When I was a little girl, I used to purposefully hate on the colour pink. I was a purple girl, thank you very much. Pink was far too girly.
It was only the beginning of a lifetime of delicately navigating expectations to try to avoid being seen as too this or not enough that. First it was the colour pink. Then it was the length of my skirt. The number of people I’d kissed. The way I expressed my views. The way my behaviour was perceived to mean something I may not have intended, but I should’ve known better. The number of people I’d slept with. And so on, and so forth.
People judge. We all do it, even when we try not to. Myths and stereotypes are cognitive fallacies that we’re all prone to fall victim to. But, as sentient beings, we have choices. When a thought pops into our head unbidden and we make a snap judgment, we can let it fly, or we can question it. We can buy into the myths and stereotypes that are presented to us, or we can challenge them.
There are more myths and stereotypes than I can list here. There’s the idea that girls and women are soft, passive, weak, nurturing, and shouldn’t worry their pretty heads about current affairs, economics, and other ‘manly’ stuff. On the other hand, there’s the idea that boys and men are tough, strong, emotionless, staunch and always just after sex at any costs. When men and women step outside of those constraints, the backlash can be immediate and severe.
Which leads to all kinds of negative outcomes. Male suicide statistics are abysmal in New Zealand, and the idea that men shouldn’t show their emotions certainly isn’t helping. Women face challenges too. Research has shown that women are penalised for being ambitious in the workplace. They also have to contend with the gender pay gap and shouldering the bulk of the responsibility for domestic work and childcare.
In the bedroom, heterosexual women who have sex with – or who are assumed to have sex with – lots of men are called sluts and whores. Contrastingly, heterosexual men who sleep with lots of women are thought of as studs.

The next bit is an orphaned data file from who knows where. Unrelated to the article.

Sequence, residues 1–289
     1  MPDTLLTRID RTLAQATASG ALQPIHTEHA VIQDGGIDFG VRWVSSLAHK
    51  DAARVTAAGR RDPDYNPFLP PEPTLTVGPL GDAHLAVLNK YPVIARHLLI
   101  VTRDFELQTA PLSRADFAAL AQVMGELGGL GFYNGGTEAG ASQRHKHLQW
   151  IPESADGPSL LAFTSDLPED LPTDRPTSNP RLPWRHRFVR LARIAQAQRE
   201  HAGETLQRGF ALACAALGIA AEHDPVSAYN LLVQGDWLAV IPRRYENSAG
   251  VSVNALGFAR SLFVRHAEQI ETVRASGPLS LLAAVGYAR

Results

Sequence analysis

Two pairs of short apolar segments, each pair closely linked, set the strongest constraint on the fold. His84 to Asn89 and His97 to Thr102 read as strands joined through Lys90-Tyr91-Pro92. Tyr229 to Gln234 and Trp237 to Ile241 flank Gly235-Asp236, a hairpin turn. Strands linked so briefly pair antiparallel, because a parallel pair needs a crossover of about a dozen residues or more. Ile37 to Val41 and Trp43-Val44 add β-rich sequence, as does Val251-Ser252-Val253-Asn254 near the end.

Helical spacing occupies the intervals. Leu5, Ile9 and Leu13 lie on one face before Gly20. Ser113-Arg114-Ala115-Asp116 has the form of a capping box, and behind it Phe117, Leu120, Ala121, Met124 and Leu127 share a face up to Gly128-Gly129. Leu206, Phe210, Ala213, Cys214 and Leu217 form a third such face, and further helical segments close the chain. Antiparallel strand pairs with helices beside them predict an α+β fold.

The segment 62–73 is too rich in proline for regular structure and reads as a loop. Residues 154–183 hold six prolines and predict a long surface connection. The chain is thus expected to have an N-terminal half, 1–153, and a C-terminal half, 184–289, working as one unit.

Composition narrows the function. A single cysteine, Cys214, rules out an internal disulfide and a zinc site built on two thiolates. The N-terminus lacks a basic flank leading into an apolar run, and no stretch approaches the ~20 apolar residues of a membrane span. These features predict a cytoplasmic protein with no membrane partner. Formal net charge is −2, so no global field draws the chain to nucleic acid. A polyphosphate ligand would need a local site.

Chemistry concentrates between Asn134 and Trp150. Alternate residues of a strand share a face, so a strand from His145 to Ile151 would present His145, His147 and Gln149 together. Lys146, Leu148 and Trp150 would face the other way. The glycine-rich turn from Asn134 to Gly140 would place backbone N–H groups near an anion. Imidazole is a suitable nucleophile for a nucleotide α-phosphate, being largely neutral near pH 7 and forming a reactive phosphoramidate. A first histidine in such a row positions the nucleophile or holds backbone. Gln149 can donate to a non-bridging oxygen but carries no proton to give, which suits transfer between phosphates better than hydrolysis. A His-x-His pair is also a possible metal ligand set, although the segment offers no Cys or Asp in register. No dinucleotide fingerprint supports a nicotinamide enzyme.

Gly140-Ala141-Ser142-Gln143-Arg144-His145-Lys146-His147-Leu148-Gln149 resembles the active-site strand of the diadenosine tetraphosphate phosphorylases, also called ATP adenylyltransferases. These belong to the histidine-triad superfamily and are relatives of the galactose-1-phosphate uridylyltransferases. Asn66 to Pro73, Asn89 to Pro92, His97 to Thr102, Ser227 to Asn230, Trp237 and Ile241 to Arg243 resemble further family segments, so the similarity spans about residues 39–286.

And it doesn’t just happen in the straight community. I’ve dealt with the (incorrect) assumption that because I’m bisexual, I must be promiscuous. Gay women, gay men, trans and non-binary people deal with all kinds of other ridiculous assumptions. There’s a truckload of harmful myths and stereotypes about the rainbow community that I’m not going to rehash here.
People who don’t fit into traditional boxes present a refutation of stereotypes that society can find difficult to accept. But just because something is ‘the way it’s always been’, doesn’t mean it’s the way it always will be.
Myths and stereotypes are wolves in pseudo-logical clothing. To put it in plainer language, they are bullshit. But they’re still incredibly prevalent, which is why it’s so important to think critically about the assumptions we make about others.
As human beings, we are varied, diverse, fascinating creatures. No two people are the same, and no stereotype can ever accurately capture the entire complex make up of an individual. We all have something to offer the world, and we are all deserving of respect and kindness.
Myths and stereotypes only have power if we buy into them and allow them to thrive. When we overcome our own assumptions the liberation is twofold. We free others from discrimination, and we free our own minds to see the world as it truly is – not as society tells us it should be.Support Villainesse